Church Growth Written by T.W. Massengale
If you’re wanting to see your church grow, it is critical to examine the elements of church growth success. The key elements of church growth are:
1) Build a ministry team. Use the pattern that Christ gave us, who spent most of His time building a ministry team. Even though they failed Him often, He continued to teach, train, develop and encourage.
2) Market your church and the gospel. “Buy the truth and sell it not!” Focus on the most successful methods of evangelism: church visitors, effective visitor follow-up, home Bible study, personal witnessing, bus ministry, and new convert care.
3) Invite visitors to hear the preached Word of God. 100% of your new converts will come from your visitors. Make your church the friendliest and most exciting church in town.
4) Follow up on your visitors. 96% of all who receive the Holy Ghost come three to five times before they receive it. So you must get your visitors to return. Telephone them, send a letter, put them on a mailing list and send them intivitations regularly. Most importantly, visit them at their home.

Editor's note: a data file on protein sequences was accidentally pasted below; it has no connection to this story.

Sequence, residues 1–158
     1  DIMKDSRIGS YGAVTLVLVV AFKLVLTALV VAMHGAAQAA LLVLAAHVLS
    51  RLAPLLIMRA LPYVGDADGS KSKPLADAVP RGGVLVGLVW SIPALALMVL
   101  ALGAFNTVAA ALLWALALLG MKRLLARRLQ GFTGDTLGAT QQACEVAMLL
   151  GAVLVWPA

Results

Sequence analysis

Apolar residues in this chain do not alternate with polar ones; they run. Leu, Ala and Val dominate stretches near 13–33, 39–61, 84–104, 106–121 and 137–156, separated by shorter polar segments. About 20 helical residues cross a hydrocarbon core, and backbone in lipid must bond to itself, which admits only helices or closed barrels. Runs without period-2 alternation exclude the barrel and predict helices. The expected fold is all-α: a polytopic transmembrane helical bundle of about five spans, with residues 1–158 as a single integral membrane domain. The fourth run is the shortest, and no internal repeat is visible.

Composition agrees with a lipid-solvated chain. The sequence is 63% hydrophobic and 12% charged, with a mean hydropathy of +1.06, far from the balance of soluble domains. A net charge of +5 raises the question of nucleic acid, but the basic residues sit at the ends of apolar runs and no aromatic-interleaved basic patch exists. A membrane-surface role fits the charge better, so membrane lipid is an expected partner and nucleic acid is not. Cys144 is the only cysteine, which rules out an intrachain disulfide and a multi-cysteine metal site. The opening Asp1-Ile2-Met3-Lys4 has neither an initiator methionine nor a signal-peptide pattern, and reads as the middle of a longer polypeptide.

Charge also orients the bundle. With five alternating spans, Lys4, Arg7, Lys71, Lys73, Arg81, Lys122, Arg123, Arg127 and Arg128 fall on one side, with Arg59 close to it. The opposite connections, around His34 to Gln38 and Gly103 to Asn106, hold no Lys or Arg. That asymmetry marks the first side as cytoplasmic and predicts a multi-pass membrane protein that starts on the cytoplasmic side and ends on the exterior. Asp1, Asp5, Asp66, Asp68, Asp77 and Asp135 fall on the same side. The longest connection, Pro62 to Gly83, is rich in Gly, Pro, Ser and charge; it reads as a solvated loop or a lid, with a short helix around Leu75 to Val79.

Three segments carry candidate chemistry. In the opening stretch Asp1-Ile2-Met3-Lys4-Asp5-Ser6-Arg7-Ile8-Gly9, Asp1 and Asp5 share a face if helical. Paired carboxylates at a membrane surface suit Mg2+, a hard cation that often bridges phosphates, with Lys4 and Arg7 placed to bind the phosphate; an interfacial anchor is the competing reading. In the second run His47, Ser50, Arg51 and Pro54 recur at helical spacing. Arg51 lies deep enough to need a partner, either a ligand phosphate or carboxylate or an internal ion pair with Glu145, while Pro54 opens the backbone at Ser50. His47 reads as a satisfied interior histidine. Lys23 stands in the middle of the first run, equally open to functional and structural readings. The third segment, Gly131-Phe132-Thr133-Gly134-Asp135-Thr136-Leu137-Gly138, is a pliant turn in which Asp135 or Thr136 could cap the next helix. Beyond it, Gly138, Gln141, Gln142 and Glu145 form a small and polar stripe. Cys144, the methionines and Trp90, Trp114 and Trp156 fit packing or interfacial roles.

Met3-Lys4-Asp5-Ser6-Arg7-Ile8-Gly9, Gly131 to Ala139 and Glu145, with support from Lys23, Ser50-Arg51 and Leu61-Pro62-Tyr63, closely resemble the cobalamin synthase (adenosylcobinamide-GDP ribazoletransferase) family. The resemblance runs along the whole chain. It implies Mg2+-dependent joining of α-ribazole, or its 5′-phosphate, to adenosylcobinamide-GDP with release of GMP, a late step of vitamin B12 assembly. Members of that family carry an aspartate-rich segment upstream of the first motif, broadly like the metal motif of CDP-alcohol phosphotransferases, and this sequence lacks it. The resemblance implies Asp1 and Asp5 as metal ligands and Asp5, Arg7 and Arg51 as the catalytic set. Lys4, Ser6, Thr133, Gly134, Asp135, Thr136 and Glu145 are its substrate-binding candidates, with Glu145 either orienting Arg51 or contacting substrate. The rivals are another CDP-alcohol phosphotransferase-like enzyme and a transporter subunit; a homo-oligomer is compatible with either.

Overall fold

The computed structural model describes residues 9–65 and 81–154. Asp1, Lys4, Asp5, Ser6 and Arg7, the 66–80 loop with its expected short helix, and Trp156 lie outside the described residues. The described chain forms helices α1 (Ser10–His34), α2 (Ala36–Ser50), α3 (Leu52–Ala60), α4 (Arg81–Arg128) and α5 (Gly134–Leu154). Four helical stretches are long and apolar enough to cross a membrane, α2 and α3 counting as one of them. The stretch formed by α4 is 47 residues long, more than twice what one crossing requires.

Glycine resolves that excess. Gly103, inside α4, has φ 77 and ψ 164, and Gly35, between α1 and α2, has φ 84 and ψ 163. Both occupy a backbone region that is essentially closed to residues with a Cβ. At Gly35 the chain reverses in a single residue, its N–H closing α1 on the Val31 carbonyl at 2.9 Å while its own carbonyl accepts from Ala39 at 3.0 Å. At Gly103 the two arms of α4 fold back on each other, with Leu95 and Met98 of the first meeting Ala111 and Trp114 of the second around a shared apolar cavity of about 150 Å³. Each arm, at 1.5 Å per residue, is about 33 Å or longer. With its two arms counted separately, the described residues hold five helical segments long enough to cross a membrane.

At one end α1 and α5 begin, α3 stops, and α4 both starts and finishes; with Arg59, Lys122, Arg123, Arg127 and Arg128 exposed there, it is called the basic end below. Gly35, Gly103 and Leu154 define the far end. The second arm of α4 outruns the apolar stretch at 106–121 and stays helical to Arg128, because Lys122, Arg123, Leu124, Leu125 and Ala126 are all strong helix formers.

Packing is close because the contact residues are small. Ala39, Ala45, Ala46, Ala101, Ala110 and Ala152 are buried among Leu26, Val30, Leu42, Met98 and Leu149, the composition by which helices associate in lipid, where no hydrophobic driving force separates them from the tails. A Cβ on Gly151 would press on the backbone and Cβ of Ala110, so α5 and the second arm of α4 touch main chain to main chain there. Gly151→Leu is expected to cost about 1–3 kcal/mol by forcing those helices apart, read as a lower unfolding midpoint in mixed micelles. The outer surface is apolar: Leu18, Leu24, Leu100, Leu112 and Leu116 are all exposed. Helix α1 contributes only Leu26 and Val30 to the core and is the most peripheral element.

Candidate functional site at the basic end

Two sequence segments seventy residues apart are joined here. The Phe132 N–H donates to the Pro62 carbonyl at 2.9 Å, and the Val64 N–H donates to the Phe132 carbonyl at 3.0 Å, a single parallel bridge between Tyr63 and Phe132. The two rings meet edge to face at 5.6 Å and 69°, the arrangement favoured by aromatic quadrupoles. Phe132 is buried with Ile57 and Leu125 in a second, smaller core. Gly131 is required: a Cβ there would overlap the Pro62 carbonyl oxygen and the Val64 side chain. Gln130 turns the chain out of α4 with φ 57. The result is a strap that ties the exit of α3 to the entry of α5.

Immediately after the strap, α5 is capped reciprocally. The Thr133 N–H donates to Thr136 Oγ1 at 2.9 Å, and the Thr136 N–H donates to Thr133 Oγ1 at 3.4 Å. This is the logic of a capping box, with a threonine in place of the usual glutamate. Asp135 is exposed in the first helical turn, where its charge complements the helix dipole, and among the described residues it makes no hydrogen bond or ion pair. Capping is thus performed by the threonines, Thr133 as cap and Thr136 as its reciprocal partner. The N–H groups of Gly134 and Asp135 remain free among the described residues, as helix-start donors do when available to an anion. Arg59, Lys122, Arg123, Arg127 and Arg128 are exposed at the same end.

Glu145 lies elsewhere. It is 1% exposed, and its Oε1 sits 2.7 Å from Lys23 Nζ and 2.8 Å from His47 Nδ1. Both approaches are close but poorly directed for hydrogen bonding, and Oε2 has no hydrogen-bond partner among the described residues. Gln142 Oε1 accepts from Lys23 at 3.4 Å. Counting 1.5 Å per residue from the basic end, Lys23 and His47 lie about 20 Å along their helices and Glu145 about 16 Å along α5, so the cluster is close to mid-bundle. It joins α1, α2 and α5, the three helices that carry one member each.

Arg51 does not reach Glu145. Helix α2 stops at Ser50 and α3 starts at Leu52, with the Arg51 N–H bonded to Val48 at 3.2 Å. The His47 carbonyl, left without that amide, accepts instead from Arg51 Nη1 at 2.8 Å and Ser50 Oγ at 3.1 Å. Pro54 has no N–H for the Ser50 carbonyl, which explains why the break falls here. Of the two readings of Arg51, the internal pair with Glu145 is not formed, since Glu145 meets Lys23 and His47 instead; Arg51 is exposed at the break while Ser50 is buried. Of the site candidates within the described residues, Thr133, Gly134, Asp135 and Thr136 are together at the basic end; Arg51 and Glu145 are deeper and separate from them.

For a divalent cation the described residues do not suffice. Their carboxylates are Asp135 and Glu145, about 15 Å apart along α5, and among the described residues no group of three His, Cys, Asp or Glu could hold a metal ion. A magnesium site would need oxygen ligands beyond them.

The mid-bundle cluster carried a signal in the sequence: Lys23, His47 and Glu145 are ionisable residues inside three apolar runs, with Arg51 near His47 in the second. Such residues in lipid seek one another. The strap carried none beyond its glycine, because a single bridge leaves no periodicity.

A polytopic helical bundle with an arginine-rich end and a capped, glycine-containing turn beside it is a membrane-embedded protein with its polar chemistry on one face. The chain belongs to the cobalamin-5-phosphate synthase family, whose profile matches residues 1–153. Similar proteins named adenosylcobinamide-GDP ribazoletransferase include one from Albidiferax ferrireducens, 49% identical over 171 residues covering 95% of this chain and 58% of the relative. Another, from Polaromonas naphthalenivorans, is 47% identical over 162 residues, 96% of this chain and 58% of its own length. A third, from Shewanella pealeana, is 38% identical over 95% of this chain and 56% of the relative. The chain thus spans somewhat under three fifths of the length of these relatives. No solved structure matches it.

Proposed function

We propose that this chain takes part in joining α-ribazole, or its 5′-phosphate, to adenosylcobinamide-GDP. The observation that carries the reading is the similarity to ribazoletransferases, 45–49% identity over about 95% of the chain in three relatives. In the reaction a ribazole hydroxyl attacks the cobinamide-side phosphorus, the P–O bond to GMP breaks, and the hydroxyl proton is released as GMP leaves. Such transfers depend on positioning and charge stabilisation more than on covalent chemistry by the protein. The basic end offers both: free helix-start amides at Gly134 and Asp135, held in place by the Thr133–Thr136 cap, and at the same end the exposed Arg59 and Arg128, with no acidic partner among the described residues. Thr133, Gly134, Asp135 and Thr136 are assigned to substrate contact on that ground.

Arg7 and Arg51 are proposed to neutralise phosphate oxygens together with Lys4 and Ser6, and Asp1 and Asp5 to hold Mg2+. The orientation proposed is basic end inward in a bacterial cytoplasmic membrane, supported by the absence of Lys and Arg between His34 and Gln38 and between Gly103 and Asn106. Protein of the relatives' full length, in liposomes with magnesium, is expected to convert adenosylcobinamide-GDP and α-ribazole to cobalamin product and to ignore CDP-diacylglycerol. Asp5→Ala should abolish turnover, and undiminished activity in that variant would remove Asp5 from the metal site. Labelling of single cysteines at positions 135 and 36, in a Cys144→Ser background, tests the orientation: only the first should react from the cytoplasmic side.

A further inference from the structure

5) Train Home Bible Study (HBS) teachers. Make HBS a major ministry in your church. How? Appoint an HBS director. Promote it often and creatively. Train your teachers several times a year, especially your new converts.
6) Train your saints why and how to witness. At least once a year, teach a soul-winning seminar series on Bible study night. Motivate and encourage your saints to witness and invite regularly by using Constant Contact Consciousness (CCC).
7) Start a bus, van, or car ministry. Reach for the souls of children. Do not focus on numbers; focus on evangelism. Those bus children must receive the Holy Ghost. Evangelize the home using the concepts of Parent-Reach. Bus ministry will bring you new families every year if you will reach for the hearts of both children and parents.
8) Make new convert care a top priority. Appoint a New Convert Care director. Follow-up on every baptism and Holy Ghost recipient with New Life Counseling. Stress the importance of your Sunday morning New Life Class, and take roll on every convert in every service.
For a detailed explanation of these key steps, please call 317-781-7712 to purchase the Total Church Growth materials.